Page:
Senator Barbara Boxer has mastered the art of rudeness much better than she has cultivated wisdom on weighty matters of state.
When questioning Secretary of State Condoleezza Rice on the president’s Iraq war policy, Boxer uttered a series of bizarre rhetorical questions. They were obviously intended to discredit Rice, not based on her support of the president’s presumably dubious war strategy, but because she doesn’t have children, which disqualifies her from participating in a decision that could affect people’s children.
Referring to war, Boxer said, "Who pays the price? I’m not going to pay a personal price. My kids are too old and my grandchild is too young. You’re not going to pay a particular price, as I understand it, with an immediate family. So who pays the price? The American military and their families."
Despite her professional and personal accomplishments, Rice is frequently a target for liberals, who apparently find Rice’s Republican Party membership a particular betrayal, given her gender and race, which to liberals mean unquestioned allegiance to liberalism.
The liberal establishment demands that blacks and women and especially black women toe the liberal line, and when they deviate, they deserve the establishment’s collective wrath. Indeed, such is the magnitude of their infidelity that they forfeit any expectation of civility from the left.
We saw this on graphic display when liberal cartoonists savaged Rice in racially pointed cartoons during her confirmation hearings without so much as a whimper of disapproval from self-styled racially sensitive liberals.
At the hearings — as I chronicle in my book — Senator Boxer exhibited a viciously insulting tone toward Rice, telling her, "I personally believe — this is my personal view — that your loyalty to the mission you were given, to sell the war, overwhelmed your respect for the truth." Democrats didn’t condemn Boxer — even though she compounded the egregiousness of her baseless accusation by boastfully showcasing it in an exploitive fundraising e-mail she sent for the Democratic Senatorial Campaign Committee.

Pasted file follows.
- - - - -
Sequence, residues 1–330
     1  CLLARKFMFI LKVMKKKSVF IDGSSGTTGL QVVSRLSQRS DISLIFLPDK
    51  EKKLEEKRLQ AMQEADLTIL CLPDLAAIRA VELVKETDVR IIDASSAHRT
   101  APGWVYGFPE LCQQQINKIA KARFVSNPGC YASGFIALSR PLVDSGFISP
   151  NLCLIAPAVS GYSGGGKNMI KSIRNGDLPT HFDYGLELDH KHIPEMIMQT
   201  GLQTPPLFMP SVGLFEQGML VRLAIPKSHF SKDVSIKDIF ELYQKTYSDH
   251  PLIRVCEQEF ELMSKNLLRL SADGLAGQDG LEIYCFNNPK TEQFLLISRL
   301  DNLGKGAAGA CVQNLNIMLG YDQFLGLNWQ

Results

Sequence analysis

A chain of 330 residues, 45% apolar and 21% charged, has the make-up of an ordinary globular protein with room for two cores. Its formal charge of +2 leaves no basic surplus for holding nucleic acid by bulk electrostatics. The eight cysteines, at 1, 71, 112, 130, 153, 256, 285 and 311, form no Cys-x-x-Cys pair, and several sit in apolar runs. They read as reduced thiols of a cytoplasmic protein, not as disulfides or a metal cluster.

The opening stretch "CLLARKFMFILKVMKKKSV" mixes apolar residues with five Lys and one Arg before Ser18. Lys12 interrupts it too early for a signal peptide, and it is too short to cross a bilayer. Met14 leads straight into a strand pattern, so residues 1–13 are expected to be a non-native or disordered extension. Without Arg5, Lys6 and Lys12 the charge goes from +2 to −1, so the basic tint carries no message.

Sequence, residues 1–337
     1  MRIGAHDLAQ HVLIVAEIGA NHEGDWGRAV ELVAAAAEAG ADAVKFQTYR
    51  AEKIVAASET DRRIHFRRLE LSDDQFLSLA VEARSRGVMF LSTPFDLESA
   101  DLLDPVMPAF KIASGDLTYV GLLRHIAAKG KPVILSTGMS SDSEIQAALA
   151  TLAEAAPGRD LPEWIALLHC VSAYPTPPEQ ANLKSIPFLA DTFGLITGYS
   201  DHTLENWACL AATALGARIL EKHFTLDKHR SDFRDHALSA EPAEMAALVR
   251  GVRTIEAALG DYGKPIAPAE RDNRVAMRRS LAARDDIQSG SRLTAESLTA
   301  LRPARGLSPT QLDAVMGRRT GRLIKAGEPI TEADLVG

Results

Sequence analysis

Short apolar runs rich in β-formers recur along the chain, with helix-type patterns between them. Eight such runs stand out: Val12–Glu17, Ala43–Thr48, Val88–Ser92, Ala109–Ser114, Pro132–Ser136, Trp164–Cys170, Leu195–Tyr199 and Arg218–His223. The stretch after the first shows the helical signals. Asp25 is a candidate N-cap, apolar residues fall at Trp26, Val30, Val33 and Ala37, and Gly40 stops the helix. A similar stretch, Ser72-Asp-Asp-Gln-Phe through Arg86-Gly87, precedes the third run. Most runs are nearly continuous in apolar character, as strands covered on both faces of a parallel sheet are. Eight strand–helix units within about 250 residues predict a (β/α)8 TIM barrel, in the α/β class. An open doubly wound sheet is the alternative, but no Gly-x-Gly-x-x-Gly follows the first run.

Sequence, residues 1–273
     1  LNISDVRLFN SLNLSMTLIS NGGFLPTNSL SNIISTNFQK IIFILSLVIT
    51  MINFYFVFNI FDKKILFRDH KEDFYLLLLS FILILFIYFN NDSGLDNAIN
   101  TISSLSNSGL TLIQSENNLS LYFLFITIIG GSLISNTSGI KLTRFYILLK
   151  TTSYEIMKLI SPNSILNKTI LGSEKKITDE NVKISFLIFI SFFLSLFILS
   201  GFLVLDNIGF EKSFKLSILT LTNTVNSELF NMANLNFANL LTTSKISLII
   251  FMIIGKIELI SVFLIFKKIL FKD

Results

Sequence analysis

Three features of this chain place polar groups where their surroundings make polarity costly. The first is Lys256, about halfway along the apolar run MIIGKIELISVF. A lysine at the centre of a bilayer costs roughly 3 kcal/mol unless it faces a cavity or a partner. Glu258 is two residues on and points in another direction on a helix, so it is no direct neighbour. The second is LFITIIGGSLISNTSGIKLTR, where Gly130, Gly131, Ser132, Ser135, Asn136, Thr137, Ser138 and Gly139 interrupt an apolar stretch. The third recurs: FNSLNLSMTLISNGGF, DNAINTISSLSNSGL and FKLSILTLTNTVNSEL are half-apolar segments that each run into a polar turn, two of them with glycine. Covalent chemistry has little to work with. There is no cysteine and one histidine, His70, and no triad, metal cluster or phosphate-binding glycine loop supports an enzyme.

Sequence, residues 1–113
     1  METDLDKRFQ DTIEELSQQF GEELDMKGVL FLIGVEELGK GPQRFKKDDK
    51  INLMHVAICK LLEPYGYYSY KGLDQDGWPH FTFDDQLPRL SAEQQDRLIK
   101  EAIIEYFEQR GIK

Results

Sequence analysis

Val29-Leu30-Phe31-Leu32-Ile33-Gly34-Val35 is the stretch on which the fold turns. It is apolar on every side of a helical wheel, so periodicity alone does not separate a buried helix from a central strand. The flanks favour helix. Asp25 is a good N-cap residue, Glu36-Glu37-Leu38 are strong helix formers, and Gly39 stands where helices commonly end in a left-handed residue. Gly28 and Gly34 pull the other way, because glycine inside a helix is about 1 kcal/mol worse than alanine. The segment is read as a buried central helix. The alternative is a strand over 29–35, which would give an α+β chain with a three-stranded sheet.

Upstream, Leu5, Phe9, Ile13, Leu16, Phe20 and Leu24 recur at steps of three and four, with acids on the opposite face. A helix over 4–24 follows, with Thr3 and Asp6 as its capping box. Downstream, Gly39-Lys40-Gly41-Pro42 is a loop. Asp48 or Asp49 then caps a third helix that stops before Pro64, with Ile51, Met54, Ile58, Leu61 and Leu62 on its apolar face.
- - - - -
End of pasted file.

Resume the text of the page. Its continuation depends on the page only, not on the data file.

Boxer’s credentials for rudeness thus being established, how should we evaluate the reasonableness of her implied argument that Rice’s opinion is worthless because she has no children who could be affected by it?
This line of reasoning, of course, is nothing new for liberals. I wish I had a dime for every time I’ve heard one of them say that those who didn’t serve have no moral right to opine on war issues. This "chicken-hawk" argument is so childishly misguided you would think liberals, who consider themselves superior logicians and cerebral sophisticates, would be too embarrassed to make it.
The question is not who is qualified to opine, but whether an opinion has merit, irrespective of the characteristics of its proponents or opponents. Under liberal logic, the rich-from-birth Ted Kennedy is disqualified from empathizing with and advocating for the poor. And, the Framers should have limited the franchise in presidential elections to military personnel and their parents, and maybe their grandparents, but not aunts, uncles, brother, sisters or cousins.
Interestingly, Boxer pretended she had no standing to opine either, since her children are too old and her grandchildren too young to serve. But that didn’t stop her from making clear her view that the war is not worth American lives, because her opinion is sanctified by its liberalism. Since she’s against the war, the ending of which would supposedly end the risk to American lives, her opinion is legitimate.
What this really boils down to is the antiwar left’s intolerance for dissenting opinions and their propensity to make decisions on an emotional, rather than logical basis. If you don’t agree with them, you either aren’t listening — another charge Boxer leveled at Rice — or you don’t have the right to opine. But Boxer’s logic is self-defeating: If your personal circumstances disqualify you from opining, they do so regardless of the nature of your opinion.
Further, Boxer’s underlying assumption is that the Iraq war is not worth the risk of American lives. While that is something about which reasonable people can disagree, we can’t ever get to that point in the discussion if one side intimidates the other into silence.
It is conceivable that the implementation of Boxer’s antiwar opinion could put more American lives — military and civilian — at risk in the long run, by weakening the United States emboldening terrorists and contributing to the conversion of Iraq into a launching pad for global terrorism. Or do I have enough of a stake in America to entitle me to such an audacious opinion?
Many on the antiwar left are still oblivious to the global nature of the war and that Iraq’s destiny is central to it. They seem to believe we can flip a switch and end this war — by a solitary executive order.
But disregard my opinion on that, too, since I’ve never been the commander in chief.